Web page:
Friedman’s comments on the Israli-Arab conflict also drew criticism when he said, “The only way to fight a moral war is the Jewish way: Destroy their holy sites. Kill men, women, and children (and cattle).”[17] 

The Chabad-Lubavitch movement, the branch of Judaism Rabbi Friedman practices, released a statement saying they “vehemently disagree with any sentiment suggesting that Judaism allows for the wanton destruction of civilian life, even when at war. In keeping with Jewish law, it is the unequivocal position of Chabad-Lubavitch that all human life is G-d given, precious, and must be treated with respect, dignity, and compassion.”[17] 

Friedman later clarified saying, “Any neighbor of the Jewish people should be treated, as the Torah commands us, with respect and compassion. Fundamental to the Jewish faith is the concept that every human being was created in the image of G-d, and our sages instruct us to support the non-Jewish poor along with the poor of our own brethren.”[18] 

Rabbi Manis Friedman Today

Rabbi Manis Friedman continues to serve as the dean of the Bais Chana Institute. He is still teaching individuals and couples in the Jewish community through lectures, YouTube videos, and private coaching. He also regularly posts content to his educational website, It’s Good to Know, and speaks at conferences and events worldwide.[19] Friedman currently lives in St. Paul, Minnesota.[20]


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  1. Friedman, M. (n.d.). Manis Friedman – Biography. Jewage. Retrieved April 13, 2023, from https://www.jewage.org/wiki/ru/Article:Manis%20Friedman%20-%20Biography?embedded=true&textonly=1
  2. Fried, A. Chabad.org. (2004, April). Rabbi Yakov Moshe Friedman. Chabad.org. Retrieved April 13, 2023, from https://www.chabad.org/news/article_cdo/aid/133161/jewish/Rabbi-Yakov-Moshe-Friedman.htm
  3. Besser, Y. (2013, March 20). On the Wings of a Song. Mishpacha Magazine. Retrieved April 13, 2023, from https://mishpacha.com/on-the-wings-of-a-song/
  4. Chabad of Mid-Suffolk. (n.d.). Rabbi Manis Friedman Bio. Chabad of Mid-Suffolk. Retrieved April 13, 2023, from https://www.chabadmidsuffolk.com/templates/articlecco_cdo/aid/2480575/jewish/Rabbi-Manis-Friedman-Bio.htm
  5. Osborne, E. (2016, November 18). TV’s Rabbi Manis Friedman to offer advice on having good life. The Daytona Beach News-Journal. Retrieved April 13, 2023, from https://www.news-journalonline.com/story/lifestyle/faith/2016/11/18/tvs-rabbi-manis-friedman-to-offer-advice-on-having-good-life/24518116007/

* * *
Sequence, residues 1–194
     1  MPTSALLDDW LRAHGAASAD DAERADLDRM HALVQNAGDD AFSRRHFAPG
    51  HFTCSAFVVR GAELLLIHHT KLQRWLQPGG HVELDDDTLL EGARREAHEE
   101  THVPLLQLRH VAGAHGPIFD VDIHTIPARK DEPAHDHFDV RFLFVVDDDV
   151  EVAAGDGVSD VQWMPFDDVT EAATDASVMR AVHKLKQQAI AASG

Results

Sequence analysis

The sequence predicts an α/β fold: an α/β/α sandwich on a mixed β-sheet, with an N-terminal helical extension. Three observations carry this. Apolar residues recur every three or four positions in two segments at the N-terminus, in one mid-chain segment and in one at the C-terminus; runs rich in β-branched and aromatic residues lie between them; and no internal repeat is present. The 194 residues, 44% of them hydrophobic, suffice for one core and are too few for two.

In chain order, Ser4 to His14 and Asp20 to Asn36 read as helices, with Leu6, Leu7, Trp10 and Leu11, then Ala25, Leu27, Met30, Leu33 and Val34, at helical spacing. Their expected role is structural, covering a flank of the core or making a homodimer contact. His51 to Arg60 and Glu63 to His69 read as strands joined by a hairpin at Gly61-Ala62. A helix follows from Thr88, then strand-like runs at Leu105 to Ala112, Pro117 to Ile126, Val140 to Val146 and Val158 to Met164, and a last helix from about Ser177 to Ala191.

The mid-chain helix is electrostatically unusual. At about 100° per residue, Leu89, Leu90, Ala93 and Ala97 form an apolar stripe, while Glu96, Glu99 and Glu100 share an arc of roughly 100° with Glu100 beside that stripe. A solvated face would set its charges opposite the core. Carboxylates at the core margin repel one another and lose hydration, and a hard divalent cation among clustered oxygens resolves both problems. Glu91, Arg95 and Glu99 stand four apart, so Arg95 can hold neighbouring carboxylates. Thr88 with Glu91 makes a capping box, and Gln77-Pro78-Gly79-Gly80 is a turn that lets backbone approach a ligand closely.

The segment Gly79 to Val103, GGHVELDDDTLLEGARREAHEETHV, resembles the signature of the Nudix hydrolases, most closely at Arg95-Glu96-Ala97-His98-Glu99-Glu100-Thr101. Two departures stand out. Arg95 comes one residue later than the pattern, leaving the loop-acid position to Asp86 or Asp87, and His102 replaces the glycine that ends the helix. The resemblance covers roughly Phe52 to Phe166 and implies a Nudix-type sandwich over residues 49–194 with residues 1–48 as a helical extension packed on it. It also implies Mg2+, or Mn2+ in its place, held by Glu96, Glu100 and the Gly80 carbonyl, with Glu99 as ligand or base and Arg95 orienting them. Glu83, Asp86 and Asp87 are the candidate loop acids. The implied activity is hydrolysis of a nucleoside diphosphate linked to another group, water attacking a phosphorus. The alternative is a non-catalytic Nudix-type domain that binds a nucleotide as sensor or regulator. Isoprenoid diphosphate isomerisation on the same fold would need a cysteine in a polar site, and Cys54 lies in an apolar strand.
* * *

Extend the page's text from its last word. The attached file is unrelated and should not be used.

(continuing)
6. Rabbi Manis Friedman. (n.d.). YouTube. Retrieved April 13, 2023, from https://www.youtube.com/channel/UCnkB28NTo_OxXTYjCUv7m5Q
  7. The Rabbi Manis Friedman Podcast. (n.d.). Apple Podcasts. Retrieved April 13, 2023, from https://podcasts.apple.com/us/podcast/the-rabbi-manis-friedman-podcast/id1401061816 
  8. Horowitz, R. Chabad.org. (2021, March 24). Minnesota School for Jewish Women Marks 50 Years With Tribute to the Rebbe. Chabad.org. Retrieved April 13, 2023, from https://www.chabad.org/news/article_cdo/aid/5085366/jewish/Minnesota-School-for-Jewish-Women-Marks-50-Years-With-Tribute-to-the-Rebbe.htm
  9. Bais Chana Women International. (n.d.). About. Bais Chana. Retrieved April 13, 2023, from https://baischana.org/about/
  10. Friedman, M. (1992). Doesn’t anyone blush anymore?: Reclaiming intimacy, modesty, and sexuality. New York: HarperSanFrancisco.
  11.  Friedman, M., & Adler, R. (2018). Joy of intimacy: A soulful guide to love, sexuality, & marriage. New York, NY: It’s Good to Know Publishing.
  12. Friedman, M., & Goldstein, R. (2021). Creating a life that matters: How to live and love with meaning and purpose. Brooklyn, NY: It’s Good to Know Publishing.
  13. Jacks. T. (2013, February 18). Survivors outrage over US rabbi. Australian Jewish News. Retrieved April 13, 2023, from https://www.australianjewishnews.com/survivors-outrage-over-us-rabbi/
  14. Zwartz, B. AAP. (2013, February 1). Sex abuse victims sue rabbi over comments. Sydney Morning Herald. Retrieved April 13, 2023, from https://www.smh.com.au/national/sex-abuse-victims-sue-rabbi-over-comments-20130131-2dnks.html
  15. Jacks, T. (2013, February 11). Offensive US rabbi has history in Oz. Australian Jewish News. Retrieved April 13, 2023, from https://www.australianjewishnews.com/offensive-us-rabbi-has-history-in-oz/
  16. Lowenfeld, J. (2013, January 31). Rabbi Friedman Under Fire. Jewish Journal. Retrieved April 13, 2023, from https://jewishjournal.com/news/united-states/112554/
  17. Erin. (2020, May 23). Rabbi Manis Friedman denounced for his article on waging war the Jewish way. American Jewish World News. Retrieved April 13, 2023, from https://www.ajwnews.com/rabbi-manis-friedman-denounced-for-his-article-on-waging-war-the-jewish-way/
  18. Friedman, M. (2013, January 28). A Statement from Rabbi Friedman. Moment Magazine. Retrieved April 13, 2023, from https://momentmag.com/a-statement-from-rabbi-friedman/
  19. It’s Good to Know. (n.d.). Welcome to It’s Good to Know. It’s Good to Know. Retrieved April 13, 2023, from https://itsgoodtoknow.org/
  20. Facebook. (n.d.). Manis Friedman. Facebook. Retrieved April 13, 2023, from https://www.facebook.com/ManisFriedman/about